Latest Morning Briefing Stories
Under the health law, there are penalties on hospitals for avoidable readmissions. Providing support for family caregivers could help keep patients from having to come back to the facility. Meanwhile, some hospitals are revamping to become more energy efficient, and they’re saving millions.
News outlets report on stories related to pharmaceutical pricing.
Media outlets report on news from Illinois, D.C., Ohio, California, Tennessee, Maryland, New Jersey, Arizona, Louisiana, Georgia, New Hampshire, Minnesota and North Dakota.
The researchers are now building a website that will allow anyone to upload genetic data. Users will receive risk scores for heart disease, breast cancer, Type 2 diabetes, chronic inflammatory bowel disease and atrial fibrillation. But scientists emphasize that DNA is not destiny, and that the results don’t account for a healthy diet and exercise.
The U.S. News & World Report analyzed 4,500 hospitals based on several factors, including performance in 16 specialty areas and reputation. This year, the report put a greater emphasis on patient outcomes.
When patients go to an in-network facility, they can still be treated by an out-of-network medical professional–anesthesia or pathology claims being among the most common.
When it comes to altering genes in the food we eat, some experts want to tread carefully while others want to embrace the healthier food. In other public health news: glaucoma, the human cell atlas, c-sections, empathy, family planning apps, growth hormones, depression, online dating and more.
Industry players who usually don’t work together are bonding over the potential push for a single-payer system, which has become a litmus test among progressive Democrats.
The Mar-a-Lago group is led by the reclusive chairman of Marvel Entertainment, Isaac Perlmutter, 75, a longtime friend of Mr. Trump’s and a member of his West Palm Beach golf club. Veterans advocates are worried that the group is going to exert pressure on new VA Secretary Robert Wilkie.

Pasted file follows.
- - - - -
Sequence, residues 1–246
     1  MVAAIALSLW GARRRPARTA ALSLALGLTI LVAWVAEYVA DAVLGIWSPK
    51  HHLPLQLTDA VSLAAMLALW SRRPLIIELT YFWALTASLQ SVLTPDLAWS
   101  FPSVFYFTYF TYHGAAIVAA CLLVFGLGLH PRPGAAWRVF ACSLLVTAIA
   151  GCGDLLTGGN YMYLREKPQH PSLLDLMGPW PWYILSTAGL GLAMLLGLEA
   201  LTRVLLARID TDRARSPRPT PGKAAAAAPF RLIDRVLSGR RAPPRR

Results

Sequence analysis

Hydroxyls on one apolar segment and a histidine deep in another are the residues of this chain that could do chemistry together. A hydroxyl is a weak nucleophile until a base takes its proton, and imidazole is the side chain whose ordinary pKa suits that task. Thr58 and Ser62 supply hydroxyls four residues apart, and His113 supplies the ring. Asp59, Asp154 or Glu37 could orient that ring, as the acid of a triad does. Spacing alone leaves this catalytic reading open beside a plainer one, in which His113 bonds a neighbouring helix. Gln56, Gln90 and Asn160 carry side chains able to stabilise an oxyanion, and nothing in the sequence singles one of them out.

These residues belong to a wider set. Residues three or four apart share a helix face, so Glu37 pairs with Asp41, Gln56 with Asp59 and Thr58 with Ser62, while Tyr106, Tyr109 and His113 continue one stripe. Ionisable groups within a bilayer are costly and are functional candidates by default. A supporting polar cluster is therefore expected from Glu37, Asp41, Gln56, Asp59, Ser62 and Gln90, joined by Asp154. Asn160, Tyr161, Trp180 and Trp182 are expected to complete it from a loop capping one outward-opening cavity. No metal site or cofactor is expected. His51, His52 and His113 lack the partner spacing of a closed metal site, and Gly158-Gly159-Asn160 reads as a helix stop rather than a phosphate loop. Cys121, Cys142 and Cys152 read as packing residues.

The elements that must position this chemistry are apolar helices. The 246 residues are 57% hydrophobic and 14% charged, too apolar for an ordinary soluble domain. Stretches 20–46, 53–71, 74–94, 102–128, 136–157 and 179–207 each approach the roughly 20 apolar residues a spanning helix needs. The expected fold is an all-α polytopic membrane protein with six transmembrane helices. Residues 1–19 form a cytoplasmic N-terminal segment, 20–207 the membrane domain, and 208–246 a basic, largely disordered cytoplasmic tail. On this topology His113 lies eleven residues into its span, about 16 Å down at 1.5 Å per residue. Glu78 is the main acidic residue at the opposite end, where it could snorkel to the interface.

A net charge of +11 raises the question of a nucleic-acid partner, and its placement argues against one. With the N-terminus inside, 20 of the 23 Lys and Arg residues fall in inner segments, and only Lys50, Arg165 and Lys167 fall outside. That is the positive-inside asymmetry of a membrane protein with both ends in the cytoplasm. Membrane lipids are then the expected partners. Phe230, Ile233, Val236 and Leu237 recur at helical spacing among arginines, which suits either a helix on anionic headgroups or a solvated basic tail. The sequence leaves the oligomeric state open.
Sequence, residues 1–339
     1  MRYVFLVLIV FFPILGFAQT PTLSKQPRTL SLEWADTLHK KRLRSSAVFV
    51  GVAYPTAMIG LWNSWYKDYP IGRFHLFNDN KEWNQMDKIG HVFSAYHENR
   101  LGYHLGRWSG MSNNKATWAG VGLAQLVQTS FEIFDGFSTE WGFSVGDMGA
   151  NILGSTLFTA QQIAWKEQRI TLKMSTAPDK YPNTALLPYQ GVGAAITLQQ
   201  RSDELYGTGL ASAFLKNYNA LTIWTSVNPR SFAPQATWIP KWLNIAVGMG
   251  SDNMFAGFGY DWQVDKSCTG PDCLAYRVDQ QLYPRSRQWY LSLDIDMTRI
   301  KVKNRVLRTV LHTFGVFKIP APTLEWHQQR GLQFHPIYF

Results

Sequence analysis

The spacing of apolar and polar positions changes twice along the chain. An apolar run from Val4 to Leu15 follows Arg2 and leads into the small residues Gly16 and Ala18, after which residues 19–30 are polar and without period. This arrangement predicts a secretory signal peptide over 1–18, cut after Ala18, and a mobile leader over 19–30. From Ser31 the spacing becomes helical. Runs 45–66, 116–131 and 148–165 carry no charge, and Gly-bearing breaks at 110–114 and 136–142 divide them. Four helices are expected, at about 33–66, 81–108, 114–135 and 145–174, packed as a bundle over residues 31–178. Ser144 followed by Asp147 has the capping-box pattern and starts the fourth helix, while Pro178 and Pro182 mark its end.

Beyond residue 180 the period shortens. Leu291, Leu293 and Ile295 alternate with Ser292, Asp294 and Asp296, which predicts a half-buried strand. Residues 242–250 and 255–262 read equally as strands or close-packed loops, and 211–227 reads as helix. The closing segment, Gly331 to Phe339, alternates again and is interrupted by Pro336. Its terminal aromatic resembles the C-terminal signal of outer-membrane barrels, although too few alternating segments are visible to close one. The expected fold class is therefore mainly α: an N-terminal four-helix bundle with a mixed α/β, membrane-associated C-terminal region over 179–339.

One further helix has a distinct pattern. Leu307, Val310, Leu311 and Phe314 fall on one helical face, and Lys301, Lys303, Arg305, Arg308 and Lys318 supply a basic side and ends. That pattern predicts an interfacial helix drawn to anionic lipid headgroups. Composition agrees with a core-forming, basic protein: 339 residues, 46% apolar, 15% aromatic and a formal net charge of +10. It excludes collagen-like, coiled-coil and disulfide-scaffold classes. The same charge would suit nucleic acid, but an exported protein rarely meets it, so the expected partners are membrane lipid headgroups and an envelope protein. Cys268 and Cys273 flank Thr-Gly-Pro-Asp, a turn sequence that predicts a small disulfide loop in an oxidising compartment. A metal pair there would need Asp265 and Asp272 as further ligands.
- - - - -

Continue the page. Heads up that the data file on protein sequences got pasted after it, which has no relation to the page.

Politico found that in 1 out of 5 states, top public health officials are not subject to any disclosure for financial holdings. This explains why Indiana Surgeon General Jerome Adams’ financial stake in tobacco and pharmaceutical stocks wasn’t publicly known until he was picked for a federal position.
“These policies are substandard, don’t cover essential health benefits, and consumers at a minimum don’t understand [what they’re buying], and at worse are misled,” California Insurance Commissioner Dave Jones said. Health law news comes out of Tennessee, as well.
A deep dive into prices at Minnesota’s hospitals reveals wide disparities in what procedures cost, but leaves more questions than answers in its wake.
The Federal government hasn’t approved the transition, but the state expects the waiver to get a green light. Medicaid news comes out of Texas, as well.
The Trump administration had informed 81 groups last August that their grants would end in 2018 rather than in 2020, but multiple judges ruled the move was unlawful.
The new guidance, which officials say will cut back on the companies’ “abusive behavior,” concerns the rebates that drug makers have to pay back to states when a patient receives one of their medicines. In other pharmaceutical news: the administration is preparing to put action behind its rhetoric on drug pricing; some say Medicare’s new negotiating powers could lead to increased hospitalizations; and more.
Accountable care organizations were set up under the Affordable Care Act with the intention of improving quality and efficiency. But government data shows that they’ve fallen short of the savings that were projected. “After six years of experience, the time has come to put real ‘accountability’ in Accountable Care Organizations,” CMS Administrator Seema Verma said in a statement. “Medicare cannot afford to support programs with weak incentives that do not deliver value.”
A new study looked at legal immigrants’ health spending just as a federal proposal to penalize them for using Medicaid gains steam with Republicans.
The Associated Press fact checks Sen. Bernie Sanders’ (I-Vt.) spin on the report that analyzed the cost of the senator’s “Medicare For All” plan, which is gaining steam in the progressive wing of the Democratic Party.
Some worry that the spending weight that the subsidies place on the government is not sustainable, but few have any hope for fixes to the system as the law remains a political hot spot.
Medicare Advantage’s negotiating tool — requiring patients to try lower-cost treatments before the more expensive ones — is derided as a “fail first” process to those who oppose the strategy. “Consumers may have to go through one or more drugs before they can get a particular treatment they really need,” said Ellen Albritton, a senior policy analyst at Families USA. Meanwhile, there are already signals that implementing the new rules is going to be complicated.